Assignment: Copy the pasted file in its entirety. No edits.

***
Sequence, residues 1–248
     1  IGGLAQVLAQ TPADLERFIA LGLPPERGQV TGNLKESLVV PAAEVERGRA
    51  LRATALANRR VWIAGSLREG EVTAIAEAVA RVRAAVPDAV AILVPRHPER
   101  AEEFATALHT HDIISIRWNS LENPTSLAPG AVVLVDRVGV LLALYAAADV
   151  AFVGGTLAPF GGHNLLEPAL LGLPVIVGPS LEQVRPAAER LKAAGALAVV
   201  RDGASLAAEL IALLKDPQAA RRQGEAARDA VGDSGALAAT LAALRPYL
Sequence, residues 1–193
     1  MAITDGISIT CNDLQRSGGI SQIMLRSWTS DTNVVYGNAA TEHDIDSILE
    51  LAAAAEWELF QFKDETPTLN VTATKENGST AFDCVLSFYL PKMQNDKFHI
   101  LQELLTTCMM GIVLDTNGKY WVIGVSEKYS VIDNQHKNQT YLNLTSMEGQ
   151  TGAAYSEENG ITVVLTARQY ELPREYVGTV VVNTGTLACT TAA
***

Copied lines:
Sequence, residues 1–248
     1  IGGLAQVLAQ TPADLERFIA LGLPPERGQV TGNLKESLVV PAAEVERGRA
    51  LRATALANRR VWIAGSLREG EVTAIAEAVA RVRAAVPDAV AILVPRHPER
   101  AEEFATALHT HDIISIRWNS LENPTSLAPG AVVLVDRVGV LLALYAAADV
   151  AFVGGTLAPF GGHNLLEPAL LGLPVIVGPS LEQVRPAAER LKAAGALAVV
   201  RDGASLAAEL IALLKDPQAA RRQGEAARDA VGDSGALAAT LAALRPYL
Sequence, residues 1–193
     1  MAITDGISIT CNDLQRSGGI SQIMLRSWTS DTNVVYGNAA TEHDIDSILE
    51  LAAAAEWELF QFKDETPTLN VTATKENGST AFDCVLSFYL PKMQNDKFHI
   101  LQELLTTCMM GIVLDTNGKY WVIGVSEKYS VIDNQHKNQT YLNLTSMEGQ
   151  TGAAYSEENG ITVVLTARQY ELPREYVGTV VVNTGTLACT TAA